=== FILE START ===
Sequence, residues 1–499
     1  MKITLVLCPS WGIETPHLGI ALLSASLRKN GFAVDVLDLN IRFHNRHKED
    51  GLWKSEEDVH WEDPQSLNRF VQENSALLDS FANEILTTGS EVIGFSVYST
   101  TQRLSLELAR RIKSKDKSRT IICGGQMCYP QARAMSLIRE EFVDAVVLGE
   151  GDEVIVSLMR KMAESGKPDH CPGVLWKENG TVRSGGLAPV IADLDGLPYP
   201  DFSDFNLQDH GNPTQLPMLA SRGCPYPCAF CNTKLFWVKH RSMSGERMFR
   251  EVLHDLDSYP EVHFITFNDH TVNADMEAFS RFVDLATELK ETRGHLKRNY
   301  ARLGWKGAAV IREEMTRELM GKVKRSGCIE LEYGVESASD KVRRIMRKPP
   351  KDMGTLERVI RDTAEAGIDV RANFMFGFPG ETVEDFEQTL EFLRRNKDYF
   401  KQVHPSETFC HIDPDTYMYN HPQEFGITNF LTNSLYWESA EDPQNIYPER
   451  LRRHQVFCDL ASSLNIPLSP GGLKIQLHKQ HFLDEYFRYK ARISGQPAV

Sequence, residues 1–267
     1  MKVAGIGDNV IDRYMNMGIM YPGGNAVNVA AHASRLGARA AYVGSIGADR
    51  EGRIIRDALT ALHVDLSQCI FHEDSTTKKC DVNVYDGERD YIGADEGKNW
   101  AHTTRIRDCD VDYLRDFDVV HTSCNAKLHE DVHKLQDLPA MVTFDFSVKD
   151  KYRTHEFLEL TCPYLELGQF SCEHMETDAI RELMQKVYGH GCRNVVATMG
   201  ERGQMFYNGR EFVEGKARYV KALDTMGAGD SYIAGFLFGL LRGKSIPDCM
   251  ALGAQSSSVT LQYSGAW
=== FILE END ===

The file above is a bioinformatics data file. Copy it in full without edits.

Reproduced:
Sequence, residues 1–499
     1  MKITLVLCPS WGIETPHLGI ALLSASLRKN GFAVDVLDLN IRFHNRHKED
    51  GLWKSEEDVH WEDPQSLNRF VQENSALLDS FANEILTTGS EVIGFSVYST
   101  TQRLSLELAR RIKSKDKSRT IICGGQMCYP QARAMSLIRE EFVDAVVLGE
   151  GDEVIVSLMR KMAESGKPDH CPGVLWKENG TVRSGGLAPV IADLDGLPYP
   201  DFSDFNLQDH GNPTQLPMLA SRGCPYPCAF CNTKLFWVKH RSMSGERMFR
   251  EVLHDLDSYP EVHFITFNDH TVNADMEAFS RFVDLATELK ETRGHLKRNY
   301  ARLGWKGAAV IREEMTRELM GKVKRSGCIE LEYGVESASD KVRRIMRKPP
   351  KDMGTLERVI RDTAEAGIDV RANFMFGFPG ETVEDFEQTL EFLRRNKDYF
   401  KQVHPSETFC HIDPDTYMYN HPQEFGITNF LTNSLYWESA EDPQNIYPER
   451  LRRHQVFCDL ASSLNIPLSP GGLKIQLHKQ HFLDEYFRYK ARISGQPAV

Sequence, residues 1–267
     1  MKVAGIGDNV IDRYMNMGIM YPGGNAVNVA AHASRLGARA AYVGSIGADR
    51  EGRIIRDALT ALHVDLSQCI FHEDSTTKKC DVNVYDGERD YIGADEGKNW
   101  AHTTRIRDCD VDYLRDFDVV HTSCNAKLHE DVHKLQDLPA MVTFDFSVKD
   151  KYRTHEFLEL TCPYLELGQF SCEHMETDAI RELMQKVYGH GCRNVVATMG
   201  ERGQMFYNGR EFVEGKARYV KALDTMGAGD SYIAGFLFGL LRGKSIPDCM
   251  ALGAQSSSVT LQYSGAW